WATERBORO, Maine — The big tank comes roaring out of nowhere, flying through the air, helping the good guys do big battle with the bad guys.
The movie’s called “G.I. Joe: Retaliation,” and it’s in theaters now.
And that unstoppable tank?
It’s made in Waterboro by Howe and Howe Technologies.
Brothers Mike and Geoff Howe and their crew took the Ripsaw, an unmanned, remote-control tank they developed a few years ago for use in military applications, and adapted it for manned operation specifically for the movie.
The folks who developed the film came knocking on the Howe brothers’ door a couple of years ago.
“They wanted to keep it real,” rather than relying heavily on computer graphics, Geoff Howe said. “We had the Ripsaw … so we used the existing technology — demilitarized.”
The brothers paused Monday to talk about the movie, and about a couple of new robotic, remote-controlled tracked vehicles they’ve developed, designed to help firefighters and police officers deal with difficult and dangerous situations.
Geoff is CEO of the company that he and his twin brother, Mike, the company president, started in a North Berwick garage back in the early 2000s. From there, the fledgling company moved to Eliot, and then to Waterboro in 2009, where they operate in about 48,000 square feet. Their crew includes 20 to 30 people and can expand to 50, depending on the flow of military contracts. Along the way, they starred in a popular television show, “Black Ops Brothers: Howe and Howe Technologies,” which aired on the Discovery channel. There are other movies showcasing their work on the horizon, too, including the upcoming remake of “Mad Max.”
Even while the movies are a draw, the brothers and their crew are busy designing and manufacturing real-world vehicles for real-world applications — and it’s still good guys against bad guys, or at least bad situations.
One of the more recent inventions is the Thermite, a remote-controlled, robotic-tracked vehicle designed go where firefighters shouldn’t, equipped with a multi-directional hose that can deliver 600 gallons of water a minute. There’s the RS1 SWAT Bot, designed to provide police officers with protection and a tactical response to situations such as a hostage crisis where someone is heavily armed, holed up in a house and threatening mayhem. The SWAT Bot provides a ballistic shield, and can be equipped to punch in a door, if need be, or move a vehicle that’s in the way — all remotely.
In developing the Thermite and the SWAT Bot, the Howe brothers are using the technology they first developed for military applications and creating new tools designed for first responders. The Thermite gets an endorsement from R. David Paulison, a former FEMA director, U.S. Fire Administrator and Miami-Dade fire chief who is also a partner with Global Emergency Solutions, a consulting firm that includes emergency and crisis management.
“This new, innovative, remote-controlled firefighting vehicle has the potential to reduce firefighting injuries and fatalities,” Paulison said in Howe and Howe Technologies’ promotional material. “Whether tank farm fires, hazardous materials skills or radioactive incidents, this vehicle can easily maneuver to mitigate the incident while keeping our firefighters out of harm’s way.”
The SWAT Bot costs about $95,000, which is far less, the brothers point out, than the human and financial costs associated with injuries or death.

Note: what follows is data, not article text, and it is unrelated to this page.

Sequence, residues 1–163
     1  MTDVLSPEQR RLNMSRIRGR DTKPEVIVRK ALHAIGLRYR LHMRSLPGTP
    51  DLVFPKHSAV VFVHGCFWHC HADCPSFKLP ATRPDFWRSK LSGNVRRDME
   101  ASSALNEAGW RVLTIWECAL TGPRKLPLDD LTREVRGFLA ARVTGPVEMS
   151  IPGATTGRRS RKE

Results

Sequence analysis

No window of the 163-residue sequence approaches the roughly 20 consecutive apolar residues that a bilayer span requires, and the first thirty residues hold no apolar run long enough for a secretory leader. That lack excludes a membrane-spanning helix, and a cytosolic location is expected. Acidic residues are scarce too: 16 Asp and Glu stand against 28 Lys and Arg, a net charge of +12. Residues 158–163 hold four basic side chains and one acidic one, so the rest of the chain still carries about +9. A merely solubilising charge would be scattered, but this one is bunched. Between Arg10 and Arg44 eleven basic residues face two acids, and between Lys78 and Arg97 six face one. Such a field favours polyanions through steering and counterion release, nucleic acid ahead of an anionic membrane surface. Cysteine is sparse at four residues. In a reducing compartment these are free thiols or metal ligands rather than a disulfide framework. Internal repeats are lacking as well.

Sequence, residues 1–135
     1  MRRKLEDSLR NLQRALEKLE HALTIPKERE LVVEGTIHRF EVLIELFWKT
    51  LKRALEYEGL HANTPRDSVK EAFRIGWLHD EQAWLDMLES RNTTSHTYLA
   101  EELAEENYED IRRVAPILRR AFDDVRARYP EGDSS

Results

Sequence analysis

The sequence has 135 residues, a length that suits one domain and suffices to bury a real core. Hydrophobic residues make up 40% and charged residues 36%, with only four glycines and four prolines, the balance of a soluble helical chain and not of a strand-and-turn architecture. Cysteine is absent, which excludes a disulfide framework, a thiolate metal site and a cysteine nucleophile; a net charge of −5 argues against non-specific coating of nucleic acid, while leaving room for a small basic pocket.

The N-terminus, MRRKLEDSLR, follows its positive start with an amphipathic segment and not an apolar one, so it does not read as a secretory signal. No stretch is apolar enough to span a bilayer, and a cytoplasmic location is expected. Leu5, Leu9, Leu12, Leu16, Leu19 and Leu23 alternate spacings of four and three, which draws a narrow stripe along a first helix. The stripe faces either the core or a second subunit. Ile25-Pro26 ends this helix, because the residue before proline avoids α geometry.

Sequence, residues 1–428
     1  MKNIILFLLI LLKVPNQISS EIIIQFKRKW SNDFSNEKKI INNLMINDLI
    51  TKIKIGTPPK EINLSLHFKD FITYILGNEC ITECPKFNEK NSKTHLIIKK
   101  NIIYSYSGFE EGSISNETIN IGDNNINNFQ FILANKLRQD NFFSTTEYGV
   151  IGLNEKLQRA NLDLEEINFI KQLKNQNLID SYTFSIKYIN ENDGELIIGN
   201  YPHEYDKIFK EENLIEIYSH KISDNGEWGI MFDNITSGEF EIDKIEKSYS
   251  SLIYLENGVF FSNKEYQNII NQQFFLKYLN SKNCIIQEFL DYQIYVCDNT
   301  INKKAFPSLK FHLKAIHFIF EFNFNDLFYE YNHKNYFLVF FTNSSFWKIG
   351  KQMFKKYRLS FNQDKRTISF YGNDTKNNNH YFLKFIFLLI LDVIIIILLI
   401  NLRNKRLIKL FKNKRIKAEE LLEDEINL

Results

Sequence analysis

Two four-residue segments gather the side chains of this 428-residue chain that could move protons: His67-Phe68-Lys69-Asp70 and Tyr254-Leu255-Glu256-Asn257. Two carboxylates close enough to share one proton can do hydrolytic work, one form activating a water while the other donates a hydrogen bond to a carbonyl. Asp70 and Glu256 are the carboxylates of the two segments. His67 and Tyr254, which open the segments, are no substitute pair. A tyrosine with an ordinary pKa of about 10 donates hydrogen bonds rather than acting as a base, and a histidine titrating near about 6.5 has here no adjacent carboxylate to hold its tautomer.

Tested in coordination with Massachusetts State Police, the brothers said the SWAT Bot was a hit.
“We did simulations. They loved it — and then they really moved it,” said Mike Howe.
Both the Thermite and SWAT Bot are modular units, dubbed RS1 (for robotics solution) that can be adapted for a number of applications, including disaster recovery, logistics and transport and more, along with the firefighting and tactical applications.
Geoff Howe pointed to the nuclear disaster at Fukushima, Japan that followed the earthquake and tsunami in March 2011.
“There were Japanese workers going into radioactive areas. We had the technology to assist,” he said, pointing to the robotic vehicles that have the ability reach and do tasks inside a nuclear plant without exposing humans to risks. “But there was no infrastructure to support a response. We have the technology to respond robotically and safely.”
Both the Howes said Sens. Susan Collins and Angus King have been “tremendous” in their support for the vehicles that Howe and Howe Technologies produces, though the men acknowledged the current sequester situation presents challenges.
As for “GI Joe: Retaliation,” the men knew they’d need at least 550 horsepower for the tank, so — they grinned simultaneously as Geoff said it — they built the machine with 800 horsepower for good measure.
The tank had to perform like a sports car, and it does, said Mike Howe.
“It’s very agile,” he said.
As it turned out, Mike Howe became the stunt driver for Dwayne “The Rock” Johnson, who starred in the movie along with Bruce Willis.
“The Rock has a stunt double, and he was slated to be the driver,” said Geoff Howe, but plans changed after he suggested that Mike show the stuntman some tank-driving techniques.
A successful 40 mph drift sideways and then into a river convinced the director that Mike Howe should handle the tank for the duration of the film.
“It was really neat and fun to see how a major motion picture is made,” Mike Howe said.
And of course, their tank wasn’t merely any old vehicle driven by Johnson — it’s the “hero vehicle” of the movie, which is showing now in theaters throughout the state. And if you wondered, well, Hasbro is marketing the “GI Joe: Retaliation” “Tread Ripper” toy, aimed at youngsters 4 years old and older.